(Pictured on the far left, Karen Dotrice)
With her blonde hair and blue eyes, Karen Dotrice lit up the screen in such Disney motion pictures as The Three Lives of Thomasina in 1963, Mary Poppins in 1964, and The Gnome-Mobile in 1967. And Walt Disney, or “Uncle Walt” as Karen knew him, appreciated her English roots.
She recalled, “I think Walt really liked English kids. He was tickled pink by the accent and the etiquette. And when I was being very English and polite, he would look proudly at this little charge who had such good manners.”
Born in Guernsey, The Channel Islands, on November 9, 1955, to a family of prominent stage actors, Karen grew up knowing people of repute, including her godfather, multi-award-winning actor Charles Laughton. Laughton and Karen’s father, Roy Dotrice, first brought the four-year-old to the stage to perform in the Royal Shakespeare Company’s production of Bertolt Brecht’s The Caucasian Chalk Circle.
While performing in that production, Karen was spotted by a Disney scout and, soon after, arrived at the Disney Studio in Burbank with her family in tow, minus her father who was portraying King Lear on the London stage at the time.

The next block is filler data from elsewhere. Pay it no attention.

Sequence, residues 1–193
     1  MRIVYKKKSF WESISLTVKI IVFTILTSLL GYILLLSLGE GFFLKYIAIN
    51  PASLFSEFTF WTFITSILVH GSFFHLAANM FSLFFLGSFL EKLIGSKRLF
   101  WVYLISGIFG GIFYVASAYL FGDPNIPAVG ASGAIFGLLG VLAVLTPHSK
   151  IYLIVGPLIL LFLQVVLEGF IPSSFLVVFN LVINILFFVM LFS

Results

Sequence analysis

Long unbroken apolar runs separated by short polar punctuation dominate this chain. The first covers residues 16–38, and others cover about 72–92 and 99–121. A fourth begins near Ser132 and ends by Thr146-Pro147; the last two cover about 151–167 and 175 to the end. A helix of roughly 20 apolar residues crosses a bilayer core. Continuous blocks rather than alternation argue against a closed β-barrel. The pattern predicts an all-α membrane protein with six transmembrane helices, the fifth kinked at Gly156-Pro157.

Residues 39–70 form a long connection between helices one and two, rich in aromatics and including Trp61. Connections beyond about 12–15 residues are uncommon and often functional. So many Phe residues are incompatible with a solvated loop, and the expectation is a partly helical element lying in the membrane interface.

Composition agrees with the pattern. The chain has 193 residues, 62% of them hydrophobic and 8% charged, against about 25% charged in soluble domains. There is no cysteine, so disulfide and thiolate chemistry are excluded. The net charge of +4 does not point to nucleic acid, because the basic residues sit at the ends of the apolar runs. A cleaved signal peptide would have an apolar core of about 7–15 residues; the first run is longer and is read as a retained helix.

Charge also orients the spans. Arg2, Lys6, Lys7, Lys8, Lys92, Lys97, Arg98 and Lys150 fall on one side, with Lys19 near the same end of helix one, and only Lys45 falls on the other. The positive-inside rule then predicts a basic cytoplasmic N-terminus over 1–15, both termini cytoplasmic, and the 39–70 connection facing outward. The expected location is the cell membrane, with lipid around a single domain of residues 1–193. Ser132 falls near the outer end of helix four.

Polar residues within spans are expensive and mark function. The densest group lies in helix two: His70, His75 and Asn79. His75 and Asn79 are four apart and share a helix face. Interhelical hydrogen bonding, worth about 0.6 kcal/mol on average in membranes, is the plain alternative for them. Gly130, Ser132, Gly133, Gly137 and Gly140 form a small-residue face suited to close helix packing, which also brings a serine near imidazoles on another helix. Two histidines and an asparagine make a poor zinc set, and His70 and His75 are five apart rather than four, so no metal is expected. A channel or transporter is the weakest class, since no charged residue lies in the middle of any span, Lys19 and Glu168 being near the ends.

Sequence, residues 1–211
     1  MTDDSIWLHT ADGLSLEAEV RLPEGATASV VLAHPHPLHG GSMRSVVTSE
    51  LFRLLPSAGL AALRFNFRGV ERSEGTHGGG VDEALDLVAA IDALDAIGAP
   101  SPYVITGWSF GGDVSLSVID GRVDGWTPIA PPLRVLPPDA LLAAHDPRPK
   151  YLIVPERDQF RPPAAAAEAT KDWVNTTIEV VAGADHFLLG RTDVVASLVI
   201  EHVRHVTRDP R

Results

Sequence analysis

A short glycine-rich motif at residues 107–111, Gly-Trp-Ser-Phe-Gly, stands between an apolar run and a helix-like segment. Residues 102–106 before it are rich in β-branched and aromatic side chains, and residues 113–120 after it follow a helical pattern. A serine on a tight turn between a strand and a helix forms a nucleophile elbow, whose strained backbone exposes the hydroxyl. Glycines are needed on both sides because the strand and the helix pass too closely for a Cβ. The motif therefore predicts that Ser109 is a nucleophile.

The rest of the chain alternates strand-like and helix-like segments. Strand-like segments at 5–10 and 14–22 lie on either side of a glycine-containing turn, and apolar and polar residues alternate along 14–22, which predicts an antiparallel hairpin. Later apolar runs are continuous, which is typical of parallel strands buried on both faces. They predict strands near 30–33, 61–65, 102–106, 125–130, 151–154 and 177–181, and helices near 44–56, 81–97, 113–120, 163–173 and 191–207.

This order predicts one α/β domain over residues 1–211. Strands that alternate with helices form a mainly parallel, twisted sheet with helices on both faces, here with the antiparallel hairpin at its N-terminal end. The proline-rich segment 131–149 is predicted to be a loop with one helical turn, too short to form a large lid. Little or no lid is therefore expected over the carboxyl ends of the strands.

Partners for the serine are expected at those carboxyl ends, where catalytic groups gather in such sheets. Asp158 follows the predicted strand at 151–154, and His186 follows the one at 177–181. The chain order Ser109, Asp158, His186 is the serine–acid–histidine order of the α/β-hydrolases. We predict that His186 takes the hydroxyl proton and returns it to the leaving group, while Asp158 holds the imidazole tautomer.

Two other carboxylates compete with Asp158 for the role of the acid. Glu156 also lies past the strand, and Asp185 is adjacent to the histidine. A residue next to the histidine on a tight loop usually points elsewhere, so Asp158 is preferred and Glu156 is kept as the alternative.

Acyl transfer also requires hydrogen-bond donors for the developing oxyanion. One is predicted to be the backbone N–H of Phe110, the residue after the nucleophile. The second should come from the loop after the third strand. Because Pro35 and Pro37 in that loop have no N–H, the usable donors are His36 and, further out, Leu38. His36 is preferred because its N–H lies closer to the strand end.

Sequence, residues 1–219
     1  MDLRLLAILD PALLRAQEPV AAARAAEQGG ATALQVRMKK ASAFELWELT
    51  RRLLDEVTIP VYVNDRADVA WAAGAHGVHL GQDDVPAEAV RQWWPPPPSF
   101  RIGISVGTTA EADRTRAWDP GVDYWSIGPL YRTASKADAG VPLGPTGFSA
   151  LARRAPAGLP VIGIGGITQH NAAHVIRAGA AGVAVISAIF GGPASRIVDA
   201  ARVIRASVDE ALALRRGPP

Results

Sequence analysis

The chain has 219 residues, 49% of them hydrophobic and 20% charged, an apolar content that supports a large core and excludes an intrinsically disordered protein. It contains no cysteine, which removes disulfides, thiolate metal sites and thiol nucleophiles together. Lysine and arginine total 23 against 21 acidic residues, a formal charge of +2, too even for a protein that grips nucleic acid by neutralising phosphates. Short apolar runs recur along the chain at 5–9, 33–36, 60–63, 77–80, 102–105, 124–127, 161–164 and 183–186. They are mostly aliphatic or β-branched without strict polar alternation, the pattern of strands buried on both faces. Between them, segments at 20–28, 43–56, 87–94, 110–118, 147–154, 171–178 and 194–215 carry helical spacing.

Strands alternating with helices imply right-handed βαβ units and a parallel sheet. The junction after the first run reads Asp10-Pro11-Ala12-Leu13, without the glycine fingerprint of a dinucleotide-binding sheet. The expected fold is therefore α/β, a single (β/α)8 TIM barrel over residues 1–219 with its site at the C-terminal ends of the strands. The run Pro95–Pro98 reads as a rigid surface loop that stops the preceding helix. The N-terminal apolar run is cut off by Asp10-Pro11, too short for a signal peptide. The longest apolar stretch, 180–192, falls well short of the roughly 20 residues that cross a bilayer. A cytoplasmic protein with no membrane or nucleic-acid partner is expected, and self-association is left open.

She recalled, “My dad was in England the whole time I was over here with my mother and sisters. I didn’t have my Daddy figure around, so I called Walt, ‘Uncle Walt.’ He took me and my family under his wing, every weekend, flying us in his plane to Santa Barbara or to his home in Palm Springs.”
Karen first appeared in The Three Lives of Thomasina; in his book The Disney Films, critic Leonard Maltin observed her performance as Mary MacDhui. He wrote, “Young Karen Dotrice won over everyone… ” So much so, that she was cast as the juvenile lead Jane Banks in the Oscar®-winning Mary Poppins, followed by the role of Elizabeth in The Gnome-Mobile with Walter Brennan.
By 1968, she had returned to England and went on to appear in such features as Joseph Andrews in 1976 and The Thirty-Nine Steps in 1978, for which she received accolades for her lead performance as the English aristocratic love interest opposite Robert Powell. The performance won a nod from the Evening News British Film Awards as well, which named her best female newcomer.
She also played Lily in the popular English television series Upstairs, Downstairs in 1971. Other television appearances include the miniseries Napoleon and Love in 1974 and “She Fell Among Thieves” in 1978, which appeared on PBS’s Mystery!
Karen returned to the United States in 1980, and four years later, after playing Desdemona in Othello on Broadway, she retired from acting to focus on motherhood. Karen appeared in the documentary Walt Disney: The Man Behind the Myth, which debuted September 16, 2001.